Principle and pragmatism in English curriculum making 1868-1918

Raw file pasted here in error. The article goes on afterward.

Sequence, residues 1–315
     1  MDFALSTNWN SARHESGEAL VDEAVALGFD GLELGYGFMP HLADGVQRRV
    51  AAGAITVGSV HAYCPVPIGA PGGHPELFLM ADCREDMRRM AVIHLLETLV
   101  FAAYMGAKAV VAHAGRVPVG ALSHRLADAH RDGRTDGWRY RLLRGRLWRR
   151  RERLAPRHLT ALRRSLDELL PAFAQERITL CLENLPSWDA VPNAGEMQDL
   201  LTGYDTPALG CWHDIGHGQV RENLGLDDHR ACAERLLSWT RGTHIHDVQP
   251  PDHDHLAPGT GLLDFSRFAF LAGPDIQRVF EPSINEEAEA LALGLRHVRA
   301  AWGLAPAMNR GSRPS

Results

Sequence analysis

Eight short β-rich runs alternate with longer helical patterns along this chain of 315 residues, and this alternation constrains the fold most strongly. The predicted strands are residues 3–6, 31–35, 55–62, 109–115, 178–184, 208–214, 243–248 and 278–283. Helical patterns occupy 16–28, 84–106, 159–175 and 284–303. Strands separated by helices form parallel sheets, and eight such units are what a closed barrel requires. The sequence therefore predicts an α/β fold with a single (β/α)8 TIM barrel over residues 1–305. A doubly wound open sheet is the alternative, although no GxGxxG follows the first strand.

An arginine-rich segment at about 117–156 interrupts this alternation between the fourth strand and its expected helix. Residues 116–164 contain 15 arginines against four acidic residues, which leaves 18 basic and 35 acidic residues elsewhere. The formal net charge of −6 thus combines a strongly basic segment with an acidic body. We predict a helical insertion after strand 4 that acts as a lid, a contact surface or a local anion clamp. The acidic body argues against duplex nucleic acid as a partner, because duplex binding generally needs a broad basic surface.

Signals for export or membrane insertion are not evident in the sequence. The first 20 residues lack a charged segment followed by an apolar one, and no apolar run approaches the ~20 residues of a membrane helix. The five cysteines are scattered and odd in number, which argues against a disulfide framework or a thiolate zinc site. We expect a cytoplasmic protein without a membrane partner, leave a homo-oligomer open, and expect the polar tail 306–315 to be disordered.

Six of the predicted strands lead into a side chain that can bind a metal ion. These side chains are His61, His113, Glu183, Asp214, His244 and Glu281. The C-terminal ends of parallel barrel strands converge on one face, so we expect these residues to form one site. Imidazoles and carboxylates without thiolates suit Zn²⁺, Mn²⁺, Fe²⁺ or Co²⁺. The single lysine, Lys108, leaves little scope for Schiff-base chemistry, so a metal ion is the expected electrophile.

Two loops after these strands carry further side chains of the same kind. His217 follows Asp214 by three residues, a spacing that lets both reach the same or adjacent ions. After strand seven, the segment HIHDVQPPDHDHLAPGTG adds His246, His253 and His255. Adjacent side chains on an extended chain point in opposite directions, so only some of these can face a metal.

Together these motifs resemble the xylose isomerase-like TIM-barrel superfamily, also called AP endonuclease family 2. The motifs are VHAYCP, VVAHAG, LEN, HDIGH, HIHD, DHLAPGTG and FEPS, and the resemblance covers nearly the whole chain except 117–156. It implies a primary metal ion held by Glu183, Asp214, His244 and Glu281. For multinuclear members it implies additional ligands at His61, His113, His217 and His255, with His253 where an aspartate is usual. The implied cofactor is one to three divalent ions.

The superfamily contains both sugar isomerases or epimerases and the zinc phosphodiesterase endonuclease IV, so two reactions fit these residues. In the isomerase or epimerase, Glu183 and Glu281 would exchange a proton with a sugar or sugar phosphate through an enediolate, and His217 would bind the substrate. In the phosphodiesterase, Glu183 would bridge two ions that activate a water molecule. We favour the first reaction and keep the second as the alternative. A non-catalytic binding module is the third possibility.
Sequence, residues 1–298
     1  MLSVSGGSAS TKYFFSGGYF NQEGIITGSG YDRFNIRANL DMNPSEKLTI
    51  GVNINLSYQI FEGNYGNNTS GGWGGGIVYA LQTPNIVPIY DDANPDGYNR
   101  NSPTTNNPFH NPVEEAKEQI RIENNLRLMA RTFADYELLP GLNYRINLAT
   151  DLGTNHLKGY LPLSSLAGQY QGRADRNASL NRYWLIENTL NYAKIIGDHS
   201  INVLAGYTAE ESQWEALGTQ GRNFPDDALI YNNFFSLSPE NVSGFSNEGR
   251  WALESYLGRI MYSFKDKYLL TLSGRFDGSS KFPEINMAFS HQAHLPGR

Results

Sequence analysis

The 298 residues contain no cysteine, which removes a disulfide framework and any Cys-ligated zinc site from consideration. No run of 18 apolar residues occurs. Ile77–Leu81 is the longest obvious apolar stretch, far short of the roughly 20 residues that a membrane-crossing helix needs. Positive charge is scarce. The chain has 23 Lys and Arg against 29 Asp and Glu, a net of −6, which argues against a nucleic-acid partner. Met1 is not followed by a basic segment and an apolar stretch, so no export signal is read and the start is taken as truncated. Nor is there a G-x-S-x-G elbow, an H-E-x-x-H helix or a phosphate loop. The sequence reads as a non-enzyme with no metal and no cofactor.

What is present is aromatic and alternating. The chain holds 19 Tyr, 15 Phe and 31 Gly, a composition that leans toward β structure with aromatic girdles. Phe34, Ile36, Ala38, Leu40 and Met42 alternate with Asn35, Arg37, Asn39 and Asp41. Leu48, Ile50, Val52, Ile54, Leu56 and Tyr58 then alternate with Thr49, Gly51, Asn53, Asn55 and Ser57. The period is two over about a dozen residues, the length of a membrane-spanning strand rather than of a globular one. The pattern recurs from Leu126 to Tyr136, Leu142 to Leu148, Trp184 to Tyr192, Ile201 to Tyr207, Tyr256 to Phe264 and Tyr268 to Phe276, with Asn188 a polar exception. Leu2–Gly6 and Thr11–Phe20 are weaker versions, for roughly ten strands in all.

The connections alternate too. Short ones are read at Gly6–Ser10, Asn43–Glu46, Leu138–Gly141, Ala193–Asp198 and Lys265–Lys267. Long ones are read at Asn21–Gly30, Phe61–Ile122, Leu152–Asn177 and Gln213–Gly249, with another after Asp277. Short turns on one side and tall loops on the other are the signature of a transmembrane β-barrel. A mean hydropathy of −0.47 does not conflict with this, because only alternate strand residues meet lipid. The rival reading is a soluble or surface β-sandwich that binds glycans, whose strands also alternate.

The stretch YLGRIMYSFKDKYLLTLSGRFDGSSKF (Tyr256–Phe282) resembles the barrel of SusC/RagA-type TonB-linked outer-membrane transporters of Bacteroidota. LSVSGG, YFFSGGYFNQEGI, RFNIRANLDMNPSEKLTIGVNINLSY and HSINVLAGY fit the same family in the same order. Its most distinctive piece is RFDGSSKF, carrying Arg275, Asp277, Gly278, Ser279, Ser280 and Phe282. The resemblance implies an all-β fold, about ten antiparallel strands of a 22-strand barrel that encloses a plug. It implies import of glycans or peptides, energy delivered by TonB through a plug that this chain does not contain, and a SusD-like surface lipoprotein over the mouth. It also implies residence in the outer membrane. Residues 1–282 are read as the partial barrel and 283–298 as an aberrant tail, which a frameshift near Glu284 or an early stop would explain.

Traditions of 'Curriculum Theory' in the US and of 'Didaktik' in Germany and other European countries both accept that decisions about what to teach should be based on principled arguments about the purpose of the curriculum of the school. But what about England, where neither curriculum theory nor Didaktik have ever exercised significant influence? To what extent, if at all, has there been a principled basis for curriculum making? This paper argues that the English tradition has been based largely on pragmatism rather than principle, and that this situation arose from the role and influence of the old universities and the public schools in the late nineteenth century. Efforts to institute principled approaches to curriculum making in the critical period 1868-1918 were seldom inspired by direct contact with continental sources, and were most often mediated by Scottish scholars. But their impact was never sufficient to extend discussion about content and teaching beyond questions affecting individual subjects. English schooling has been and continues to be shaped by discussion of subject-based 'Method' rather than by consideration of the whole curriculum.
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